"Three years ago we engaged in a long-term sustainability plan and committed to it, and part of the things that were in that plan was to make our whole infrastructure more energy efficient, just to give you an example, we spend a lot of money every year on heating, electricity, air conditioning, and, ideally, you know, part of our plan was to make our buildings greener," he explained.
 
"All of that went out the window and both the money that we had set aside and also the money that we had expected to go to donors has been so busy these last couple years just keeping us alive and breathing, that we haven't been on track to what ultimately will be one of the key elements of our long term sustainability."
 
Paleologos shared that about 15 years ago, he was invited to Pittsfield by former Mayor James Ruberto and was ultimately sold on the city, which is why he relocated to it three years ago.
 
"I might as well say for the record I totally want to disassociate myself from the impression that was left in the in the in The Berkshire Eagle article, which is not my impression as one of the culturals on the main street here in Pittsfield," he said about the newspaper article published last week that channeled a negative connotation about North Street and highlighted businesses struggles.
 
"We have made amazing progress even in the three years I've been living here, and I know some of it was contained very deep in there but the overall impression of that piece is totally different than the experience that I have had."
 
When asked what type of assistance the attendees received during the pandemic, a majority indicated that they utilized Payroll Protection Program loans.
 
Berkshire Museum Executive Director Jeff Rodgers speculated that a lot of organizations were able to make it in the last year and a half because of PPP loans.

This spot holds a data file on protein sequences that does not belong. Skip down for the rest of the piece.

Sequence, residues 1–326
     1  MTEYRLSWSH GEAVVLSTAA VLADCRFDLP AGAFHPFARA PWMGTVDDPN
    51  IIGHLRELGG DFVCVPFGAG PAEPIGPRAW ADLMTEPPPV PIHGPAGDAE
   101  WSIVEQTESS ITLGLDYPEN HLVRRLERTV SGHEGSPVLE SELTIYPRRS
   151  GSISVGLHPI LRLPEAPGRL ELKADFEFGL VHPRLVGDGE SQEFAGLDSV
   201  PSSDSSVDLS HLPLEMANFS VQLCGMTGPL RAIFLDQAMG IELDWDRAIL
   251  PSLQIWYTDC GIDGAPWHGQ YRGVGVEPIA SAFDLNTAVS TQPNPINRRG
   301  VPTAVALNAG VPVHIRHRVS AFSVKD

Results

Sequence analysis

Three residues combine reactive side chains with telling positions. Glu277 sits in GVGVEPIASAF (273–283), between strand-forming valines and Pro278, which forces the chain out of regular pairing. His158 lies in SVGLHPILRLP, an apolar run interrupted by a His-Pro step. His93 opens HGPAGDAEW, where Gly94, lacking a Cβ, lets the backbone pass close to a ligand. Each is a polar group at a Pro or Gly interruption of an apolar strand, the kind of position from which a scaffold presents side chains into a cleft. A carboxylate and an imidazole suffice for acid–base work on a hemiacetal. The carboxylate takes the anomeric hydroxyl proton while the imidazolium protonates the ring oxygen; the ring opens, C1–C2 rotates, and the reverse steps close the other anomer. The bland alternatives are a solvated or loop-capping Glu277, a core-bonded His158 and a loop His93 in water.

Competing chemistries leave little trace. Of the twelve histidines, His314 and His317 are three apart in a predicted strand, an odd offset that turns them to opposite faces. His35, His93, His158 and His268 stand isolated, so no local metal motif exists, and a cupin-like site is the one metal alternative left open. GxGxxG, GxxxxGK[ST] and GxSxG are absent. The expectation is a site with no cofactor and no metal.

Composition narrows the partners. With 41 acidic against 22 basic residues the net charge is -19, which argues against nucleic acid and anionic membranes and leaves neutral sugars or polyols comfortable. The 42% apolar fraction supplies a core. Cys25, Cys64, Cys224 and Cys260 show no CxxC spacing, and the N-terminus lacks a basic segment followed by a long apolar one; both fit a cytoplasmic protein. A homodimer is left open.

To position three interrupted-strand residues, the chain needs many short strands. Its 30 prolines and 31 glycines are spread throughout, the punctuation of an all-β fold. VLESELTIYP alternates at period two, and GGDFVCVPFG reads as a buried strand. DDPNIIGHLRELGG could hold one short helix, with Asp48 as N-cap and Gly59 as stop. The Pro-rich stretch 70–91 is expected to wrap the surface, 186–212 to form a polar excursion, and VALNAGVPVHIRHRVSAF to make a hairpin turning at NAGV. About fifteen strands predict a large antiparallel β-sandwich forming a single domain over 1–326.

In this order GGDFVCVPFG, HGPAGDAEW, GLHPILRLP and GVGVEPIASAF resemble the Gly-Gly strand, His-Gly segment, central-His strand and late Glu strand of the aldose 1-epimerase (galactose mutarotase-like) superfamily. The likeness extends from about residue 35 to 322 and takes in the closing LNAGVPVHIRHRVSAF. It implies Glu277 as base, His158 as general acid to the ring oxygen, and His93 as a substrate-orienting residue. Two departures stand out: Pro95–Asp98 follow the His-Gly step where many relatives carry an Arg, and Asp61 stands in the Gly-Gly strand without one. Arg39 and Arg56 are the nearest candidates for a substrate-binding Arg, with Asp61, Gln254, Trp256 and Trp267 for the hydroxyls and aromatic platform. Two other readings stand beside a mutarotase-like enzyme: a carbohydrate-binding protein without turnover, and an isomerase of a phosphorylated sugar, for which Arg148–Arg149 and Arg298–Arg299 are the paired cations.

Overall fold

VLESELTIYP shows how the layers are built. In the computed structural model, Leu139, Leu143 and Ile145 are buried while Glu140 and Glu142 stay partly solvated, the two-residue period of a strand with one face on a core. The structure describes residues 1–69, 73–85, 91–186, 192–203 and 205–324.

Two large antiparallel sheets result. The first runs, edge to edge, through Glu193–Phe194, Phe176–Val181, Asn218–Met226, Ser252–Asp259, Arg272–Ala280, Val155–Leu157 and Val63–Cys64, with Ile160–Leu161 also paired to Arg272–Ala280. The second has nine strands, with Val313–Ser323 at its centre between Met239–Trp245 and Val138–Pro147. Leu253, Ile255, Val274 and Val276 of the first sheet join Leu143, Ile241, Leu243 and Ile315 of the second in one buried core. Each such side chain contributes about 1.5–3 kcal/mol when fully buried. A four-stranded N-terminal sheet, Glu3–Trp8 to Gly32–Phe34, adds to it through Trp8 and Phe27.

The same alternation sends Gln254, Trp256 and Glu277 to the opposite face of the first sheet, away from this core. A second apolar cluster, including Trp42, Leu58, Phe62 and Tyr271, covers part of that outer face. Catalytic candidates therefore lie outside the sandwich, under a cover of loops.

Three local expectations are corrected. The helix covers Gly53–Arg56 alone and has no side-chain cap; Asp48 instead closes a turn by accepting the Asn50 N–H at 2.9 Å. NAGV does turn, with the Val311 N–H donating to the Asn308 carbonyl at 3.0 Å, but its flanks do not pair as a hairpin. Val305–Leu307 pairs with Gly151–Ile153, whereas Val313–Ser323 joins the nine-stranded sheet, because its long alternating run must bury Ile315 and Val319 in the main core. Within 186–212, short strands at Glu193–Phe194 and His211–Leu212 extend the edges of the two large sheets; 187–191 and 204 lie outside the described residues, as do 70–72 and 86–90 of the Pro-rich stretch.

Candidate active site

He expressed concern for the institutions that want to operate with full staff or even expand while still recovering from the lost revenue of the pandemic.
 
"How do we support those organizations that want to keep full staff, want to keep their employees, to bring in new employees, or create internship programs for local populations while we see the decrease in revenue is happening?" he added.
 
Berkshire Anthaneum Director Alex Reczkowski expressed the need for involving the community in opportunities that local cultural organizations offer.
 
"I look at some of the cultural organizations represented here and jobs or internships with these organizations can be really transformative for a career in the arts, but I don't see us making space for our local communities to be parts of those as much as maybe as possible," he said.
 
"And that's not a criticism, it's just a reality. If ARPA can be a way to change that so that our local community feels like there is space for us and this is an opportunity there, I would love to see local people thriving from that just as well as the people applying from around the country."
 
Group members also spoke about the importance of using the funds to address systemic racism, which requires additional support and staff time as well as consultants and training.
 
"We have an opportunity with almost $41 million addressing all these COVID impacts and we know that COVID has disproportionately affected people of color, their frontline workers, they're the most vulnerable and I and they have, we have been the most impacted," Ward 1 Councilor Helen Moon said.
 
"And so as we're rolling out even in our ideas of how to address cultural institutions and relief for cultural institutions with the ARPA funding, I think you have to build into the funding and build into the process, a way to dismantle the systemic racism that's impacting people of color."
  • The first ARPA hearing on public health and human services can be found here.
  • The second hearing on economic recovery can be found here.
  • And the third hearing on housing and neighborhoods can be found here.